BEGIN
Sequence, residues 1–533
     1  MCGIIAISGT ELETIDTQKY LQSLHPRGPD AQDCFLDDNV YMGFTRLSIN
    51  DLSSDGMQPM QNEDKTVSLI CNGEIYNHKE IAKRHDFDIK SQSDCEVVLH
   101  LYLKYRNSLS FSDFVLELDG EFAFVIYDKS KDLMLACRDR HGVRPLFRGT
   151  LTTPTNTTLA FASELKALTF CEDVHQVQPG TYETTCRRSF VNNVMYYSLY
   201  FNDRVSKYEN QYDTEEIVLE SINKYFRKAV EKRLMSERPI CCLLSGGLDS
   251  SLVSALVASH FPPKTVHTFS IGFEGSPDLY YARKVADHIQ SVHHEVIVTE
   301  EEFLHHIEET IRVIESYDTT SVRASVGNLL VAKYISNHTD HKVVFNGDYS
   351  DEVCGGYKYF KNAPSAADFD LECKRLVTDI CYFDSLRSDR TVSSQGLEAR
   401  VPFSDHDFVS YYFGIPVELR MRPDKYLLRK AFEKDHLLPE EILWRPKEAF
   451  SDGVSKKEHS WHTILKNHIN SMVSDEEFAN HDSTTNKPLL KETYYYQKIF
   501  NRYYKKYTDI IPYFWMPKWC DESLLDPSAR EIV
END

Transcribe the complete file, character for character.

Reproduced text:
Sequence, residues 1–533
     1  MCGIIAISGT ELETIDTQKY LQSLHPRGPD AQDCFLDDNV YMGFTRLSIN
    51  DLSSDGMQPM QNEDKTVSLI CNGEIYNHKE IAKRHDFDIK SQSDCEVVLH
   101  LYLKYRNSLS FSDFVLELDG EFAFVIYDKS KDLMLACRDR HGVRPLFRGT
   151  LTTPTNTTLA FASELKALTF CEDVHQVQPG TYETTCRRSF VNNVMYYSLY
   201  FNDRVSKYEN QYDTEEIVLE SINKYFRKAV EKRLMSERPI CCLLSGGLDS
   251  SLVSALVASH FPPKTVHTFS IGFEGSPDLY YARKVADHIQ SVHHEVIVTE
   301  EEFLHHIEET IRVIESYDTT SVRASVGNLL VAKYISNHTD HKVVFNGDYS
   351  DEVCGGYKYF KNAPSAADFD LECKRLVTDI CYFDSLRSDR TVSSQGLEAR
   401  VPFSDHDFVS YYFGIPVELR MRPDKYLLRK AFEKDHLLPE EILWRPKEAF
   451  SDGVSKKEHS WHTILKNHIN SMVSDEEFAN HDSTTNKPLL KETYYYQKIF
   501  NRYYKKYTDI IPYFWMPKWC DESLLDPSAR EIV